Article  PubMed  Google Scholar 

  32. Wallach M. Role of antibody in immunity and control of chicken coccidiosis. Trends Parasitol. 2010;26:382–7.

    Article  PubMed  Google Scholar 

  33. Matos L, Muñoz MDC, Molina JM, Ferrer O, Rodríguez F, Pérez D, et al. Humoral immune responses of experimentally Eimeria ninakholyakimovae-infected goat kids. Comp Immunol Microbiol Infect Dis. 2017;51:60–5.

    Article  PubMed  Google Scholar 

  34. Crouch CF, Andrews SJ, Ward RG, Francis MJ. Protective efficacy of a live attenuated anti-coccidial vaccine administered to 1-day-old chickens. Avian Pathol. 2003;32:297–304.

    Article  PubMed  CAS  Google Scholar 

  35. Sharman PA, Smith NC, Wallach MG, Katrib M. Chasing the golden egg: vaccination against poultry coccidiosis. Parasite Immunol. 2010;32:590–8.

    PubMed  CAS  Google Scholar 

  36. Becker BA, Misfeldt ML. Evaluation of the mitogen-induced proliferation and cell surface differentiation antigens of lymphocytes from pigs 1 to 30 days of age. J Anim Sci. 1993;71:2073–8.

    Article  PubMed  CAS  Google Scholar 

  37. Schwager J, Schulze J. Maturation of the mitogen responsiveness, and IL2 and IL6 production by neonatal swine leukocytes. Vet Immunol Immunopathol. 1997;57:105–19.

    Article  PubMed  CAS  Google Scholar 

  38. Stepanova H, Samankova P, Leva L, Sinkora J, Faldyna M. Early postnatal development of the immune system in piglets: the redistribution of T lymphocyte subsets. Cell Immunol. 2007;249:73–9.

    Article  PubMed  CAS  Google Scholar 

  39. Morein B, Abusugra I, Blomgvist G. Immunity in neonates. Vet Immunol Immunopathol. 2002;87:207–13.

    Article  PubMed  CAS  Google Scholar 

  40. Chase CC, Hurley DJ, Reber AJ. Neonatal immune development in the calf and its impact on vaccine response. Vet Clin North Am Food Anim Pract. 2008;24:87–104.

    Article  PubMed  Google Scholar 

  41. Worliczek HL, Ruttkowski B, Joachim A, Saalmüller A, Gerner W. Faeces, FACS, and functional assays-preparation of Isospora suis oocyst antigen and representative controls for immunoassays. Parasitology. 2010;137:1637–43.

    Article  PubMed  CAS  Google Scholar 

  42. Gabner S, Tonar Z, Tichy A, Saalmüller A, Worliczek HL, Joachim A, et al. Immunohistochemical detection and quantification of T cells in the small intestine of Isospora suis-infected piglets-influence of fixation technique and intestinal segment. Microsc Res Tech. 2012;75:408–15.

    Article  PubMed  CAS  Google Scholar 

  43. Worliczek HL, Ruttkowski B, Schwarz L, Witter K, Tschulenk W, Joachim A. Isospora suis in an epithelial cell culture system - an in vitro model for sexual development in coccidia. PLoS One. 2013;8:e69797.

  44. Shrestha A, Palmieri N, Abd-Elfattah A, Ruttkowski B, Pagès M, Joachim A. Cloning, expression and molecular characterization of a Cystoisospora suis specific uncharacterized merozoite protein. Parasit Vectors. 2017;10:68.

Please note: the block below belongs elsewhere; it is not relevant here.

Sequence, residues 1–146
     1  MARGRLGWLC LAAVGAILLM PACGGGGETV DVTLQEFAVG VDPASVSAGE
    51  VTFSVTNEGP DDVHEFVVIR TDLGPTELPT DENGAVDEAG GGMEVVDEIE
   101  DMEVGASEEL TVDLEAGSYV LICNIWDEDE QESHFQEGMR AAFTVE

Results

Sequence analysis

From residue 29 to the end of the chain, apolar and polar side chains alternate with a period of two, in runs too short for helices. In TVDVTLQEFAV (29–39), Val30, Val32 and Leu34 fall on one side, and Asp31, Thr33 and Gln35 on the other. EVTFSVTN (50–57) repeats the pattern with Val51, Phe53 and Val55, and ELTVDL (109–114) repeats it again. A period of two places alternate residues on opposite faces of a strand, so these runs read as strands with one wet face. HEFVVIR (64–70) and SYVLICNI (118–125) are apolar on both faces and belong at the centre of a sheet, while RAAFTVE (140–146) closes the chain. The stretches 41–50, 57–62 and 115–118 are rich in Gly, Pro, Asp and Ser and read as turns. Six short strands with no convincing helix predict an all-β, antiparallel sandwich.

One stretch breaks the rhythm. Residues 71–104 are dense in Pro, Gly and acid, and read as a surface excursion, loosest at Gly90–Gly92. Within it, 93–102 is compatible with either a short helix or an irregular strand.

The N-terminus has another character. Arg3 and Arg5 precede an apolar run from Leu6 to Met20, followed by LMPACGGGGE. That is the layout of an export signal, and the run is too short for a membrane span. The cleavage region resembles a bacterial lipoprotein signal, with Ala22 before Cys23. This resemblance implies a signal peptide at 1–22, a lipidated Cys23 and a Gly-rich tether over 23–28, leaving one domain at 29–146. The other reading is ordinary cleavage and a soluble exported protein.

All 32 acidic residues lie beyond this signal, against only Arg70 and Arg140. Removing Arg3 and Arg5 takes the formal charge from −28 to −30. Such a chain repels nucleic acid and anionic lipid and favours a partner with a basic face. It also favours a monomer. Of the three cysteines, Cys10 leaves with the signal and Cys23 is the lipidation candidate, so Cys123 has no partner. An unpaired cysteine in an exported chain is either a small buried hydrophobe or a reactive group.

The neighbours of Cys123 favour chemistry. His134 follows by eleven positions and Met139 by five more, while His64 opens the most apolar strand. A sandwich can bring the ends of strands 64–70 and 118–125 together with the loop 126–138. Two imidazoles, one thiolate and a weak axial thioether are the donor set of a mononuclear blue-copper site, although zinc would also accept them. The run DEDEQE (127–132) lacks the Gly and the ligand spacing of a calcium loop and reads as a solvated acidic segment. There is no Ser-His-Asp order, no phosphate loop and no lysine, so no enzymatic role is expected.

Article  PubMed  PubMed Central  CAS  Google Scholar 

  45. Ladinig A, Lunney JK, Souza CJ, Ashley C, Plastow G, Harding JC. Cytokine profiles in pregnant gilts experimentally infected with porcine reproductive and respiratory syndrome virus and relationships with viral load and fetal outcome. Vet Res. 2014;45:113.

    Article  PubMed  PubMed Central  CAS  Google Scholar 

  46. Vítovec J, Koudela B. Pathology of natural isosporosis in nursing piglets. Folia Parasitol (Praha). 1987;34:199–204.

    PubMed  Google Scholar 

  47. Worliczek HL, Mundt HC, Ruttkowski B, Joachim A. Age, not infection dose, determines the outcome of Isospora suis infections in suckling piglets. Parasitol Res. 2009;105(Suppl. 1):157–62.

    Article  Google Scholar 

  48. Harleman JH, Meyer RC. Life cycle of Isospora suis in gnotobiotic and conventionalized piglets. Vet Parasitol. 1984;17:27–9.

    Article  PubMed  CAS  Google Scholar 

  49. Jenkins MC, Augustine PC, Danforth HD, Barta JR. X-irradiation of Eimeria tenella oocysts provides direct evidence that sporozoite invasion and early schizont development induce a protective immune response(s). Infect Immun. 1991;59:4042–8.

    PubMed  PubMed Central  CAS  Google Scholar 

  50. Hurley WL, Theil PK. Perspectives on immunoglobulins in colostrum and milk. Nutrients. 2011;3:442–74.

    Article  PubMed  PubMed Central  CAS  Google Scholar 

  51. Bliss SK, Marshall AJ, Zhang Y, Denkers EY. Human polymorphonuclear leukocytes produce IL-12, TNF-alpha, and the chemokines macrophage-inflammatory protein-1 alpha and -1 beta in response to Toxoplasma gondii antigens. J Immunol. 1999;162:7369–75.

    PubMed  CAS  Google Scholar 

  52. Almería S, Araujo RN, Darwich L, Dubey JP, Gasbarre LC. Cytokine gene expression at the materno-foetal interface after experimental Neospora caninum infection of heifers at 110 days of gestation. Parasite Immunol. 2011;33:517–23.

    Article  PubMed  CAS  Google Scholar 

  53. Käser T, Müllebner A, Hartl RT, Essler SE, Saalmüller A, Duvigneau JC. Porcine T-helper and regulatory T cells exhibit versatile mRNA expression capabilities for cytokines and co-stimulatory molecules. Cytokine. 2012;60:400–9.

    Article  PubMed  CAS  Google Scholar 

  54. De Groot J, Kruijt L, Scholten JW, Boersma WJ, Buist WG, Engel B, et al. Age, gender and litter-related variation in T-lymphocyte cytokine production in young pigs. Immunology. 2005;115:495–505.

    Article  PubMed  PubMed Central  CAS  Google Scholar 

  55. Taguchi T, Aicher WK, Fujihashi K, Yamamoto M, McGhee JR, Bluestone JA, et al. Novel function for intestinal intraepithelial lymphocytes. Murine CD3+, gamma/delta TCR+ T cells produce IFN-gamma and IL-5. J Immunol. 1991;147:3736–44.

    PubMed  CAS  Google Scholar